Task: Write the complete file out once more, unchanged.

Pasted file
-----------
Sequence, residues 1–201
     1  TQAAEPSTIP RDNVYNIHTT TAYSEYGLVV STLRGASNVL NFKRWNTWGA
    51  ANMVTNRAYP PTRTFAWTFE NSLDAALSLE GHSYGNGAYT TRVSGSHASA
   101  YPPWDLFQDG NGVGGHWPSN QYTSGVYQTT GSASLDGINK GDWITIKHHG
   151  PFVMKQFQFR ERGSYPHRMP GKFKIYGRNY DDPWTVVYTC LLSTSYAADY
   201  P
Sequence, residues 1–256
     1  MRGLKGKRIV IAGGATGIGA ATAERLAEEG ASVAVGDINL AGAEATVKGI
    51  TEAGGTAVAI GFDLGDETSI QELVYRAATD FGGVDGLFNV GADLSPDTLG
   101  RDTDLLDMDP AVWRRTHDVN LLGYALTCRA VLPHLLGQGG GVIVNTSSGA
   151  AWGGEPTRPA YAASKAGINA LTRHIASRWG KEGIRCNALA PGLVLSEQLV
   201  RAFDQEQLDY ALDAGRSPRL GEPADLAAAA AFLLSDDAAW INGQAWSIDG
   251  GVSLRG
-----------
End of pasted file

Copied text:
Sequence, residues 1–201
     1  TQAAEPSTIP RDNVYNIHTT TAYSEYGLVV STLRGASNVL NFKRWNTWGA
    51  ANMVTNRAYP PTRTFAWTFE NSLDAALSLE GHSYGNGAYT TRVSGSHASA
   101  YPPWDLFQDG NGVGGHWPSN QYTSGVYQTT GSASLDGINK GDWITIKHHG
   151  PFVMKQFQFR ERGSYPHRMP GKFKIYGRNY DDPWTVVYTC LLSTSYAADY
   201  P
Sequence, residues 1–256
     1  MRGLKGKRIV IAGGATGIGA ATAERLAEEG ASVAVGDINL AGAEATVKGI
    51  TEAGGTAVAI GFDLGDETSI QELVYRAATD FGGVDGLFNV GADLSPDTLG
   101  RDTDLLDMDP AVWRRTHDVN LLGYALTCRA VLPHLLGQGG GVIVNTSSGA
   151  AWGGEPTRPA YAASKAGINA LTRHIASRWG KEGIRCNALA PGLVLSEQLV
   201  RAFDQEQLDY ALDAGRSPRL GEPADLAAAA AFLLSDDAAW INGQAWSIDG
   251  GVSLRG